3.5⭐️ – Never Say Never is Rachael Sommers’s debut novel and it’s a pretty good start, especially if you enjoy age gap celebrity ice queen romances.
Between college and university, Emily Walker needs to earn money and has applied to be a full-time nanny. She’s new to New York, where she doesn’t know anyone except for her foster sister Cassie and Cassie’s girlfriend Maia. To her surprise, she gets an interview with Camila Evans, television tycoon, single mother to a five-year-old, out bisexual and Emily’s teenage crush. When they meet, Camila is everything Emily expected: gorgeous and terrifying.
The plot is a rather traditional one, which reminded me of Popcorn Love by K. L. Hughes or Coming Home by KJ (still one of my favourite books), among others. What it lacks in originality, this novel – which started as SuperCat fanfiction – makes up with good writing and endearing characters. Emily is plausibly wonderful, she’s sweet, smart, kind, driven. She’s not perfect and I really liked the way Sommers wrote her simmering anger when things went wrong – as they were bound to go. Camila is an ice queen with unending love for both her son and her job. She sucks at communicating on a personal level and at opening up. She’s a respected professional woman who is convinced she blackens everything she touches when it comes to relationships. Camila believes Emily deserves better than her, that she would inevitably hurt her.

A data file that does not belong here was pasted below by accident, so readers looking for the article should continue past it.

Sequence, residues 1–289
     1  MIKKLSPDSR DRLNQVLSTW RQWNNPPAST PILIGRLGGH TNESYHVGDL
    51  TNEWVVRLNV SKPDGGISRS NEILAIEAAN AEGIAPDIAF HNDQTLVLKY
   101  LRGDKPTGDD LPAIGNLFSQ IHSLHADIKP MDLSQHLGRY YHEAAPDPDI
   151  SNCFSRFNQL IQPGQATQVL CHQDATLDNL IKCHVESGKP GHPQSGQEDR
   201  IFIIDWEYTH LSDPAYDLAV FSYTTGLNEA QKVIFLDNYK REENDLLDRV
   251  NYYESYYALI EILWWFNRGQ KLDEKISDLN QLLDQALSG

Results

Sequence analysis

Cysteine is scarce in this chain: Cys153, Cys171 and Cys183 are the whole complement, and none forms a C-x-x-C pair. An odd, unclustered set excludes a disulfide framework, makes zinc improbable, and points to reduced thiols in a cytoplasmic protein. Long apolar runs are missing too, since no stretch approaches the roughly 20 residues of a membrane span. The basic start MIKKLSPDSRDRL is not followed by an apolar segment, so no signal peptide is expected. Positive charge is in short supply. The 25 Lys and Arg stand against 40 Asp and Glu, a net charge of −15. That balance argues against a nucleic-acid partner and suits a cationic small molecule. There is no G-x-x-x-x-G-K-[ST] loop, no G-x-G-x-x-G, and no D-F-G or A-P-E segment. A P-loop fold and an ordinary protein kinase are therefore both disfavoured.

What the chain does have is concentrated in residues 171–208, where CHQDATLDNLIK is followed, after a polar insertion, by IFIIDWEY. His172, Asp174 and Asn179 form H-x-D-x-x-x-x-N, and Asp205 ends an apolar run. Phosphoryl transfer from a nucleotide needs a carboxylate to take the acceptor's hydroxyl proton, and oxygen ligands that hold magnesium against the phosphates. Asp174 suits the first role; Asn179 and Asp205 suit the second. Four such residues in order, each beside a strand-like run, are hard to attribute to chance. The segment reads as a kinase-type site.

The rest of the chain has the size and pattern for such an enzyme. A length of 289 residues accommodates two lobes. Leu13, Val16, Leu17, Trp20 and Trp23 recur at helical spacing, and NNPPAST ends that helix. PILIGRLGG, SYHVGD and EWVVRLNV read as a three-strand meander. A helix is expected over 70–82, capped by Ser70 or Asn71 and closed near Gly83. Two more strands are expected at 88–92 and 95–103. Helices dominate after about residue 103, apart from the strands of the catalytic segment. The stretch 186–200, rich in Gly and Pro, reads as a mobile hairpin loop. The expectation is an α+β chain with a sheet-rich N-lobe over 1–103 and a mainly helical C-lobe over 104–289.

I felt some scenes could have been a little more developed and I wish the author had given more space to Emily’s foster mother. I really liked the foster storyline and what it means to Emily and who she is. Also, given her line of work, I have a very hard time believing Camila doesn’t read the news first thing in the morning or that she doesn’t have an alert (or an assistant with an alert) on her own name.
The best part in stories like these isn’t so much the falling in love itself, it’s the struggle the characters face to not give in. The work relationship, the age gap, the fear of failure which is even stronger when a child is involved, everything combines to make them think their love can’t be. There’s angst, heartbreak, longing, stolen touches and a lot of unfulfilled lust. Sommers did a good job at this, even if it felt a tad repetitive at times, in particular in the lies Camila told herself and Emily in her effort to keep the younger woman away.
What I liked best, however, was Emily’s relationship with Cassie and Maia. The sisters have a hilarious love/tease relationship with Maia acting as the adult – most of the time. The scenes with the three of them were fun and lighthearted when possible, poignant when Emily was heartbroken. My favourite scene in the whole book is probably the one at the gym. I’m not spoiling, go read the book.
All in all, a nice read and hopefully, just the beginning of Rachael Sommers’s career as a published author.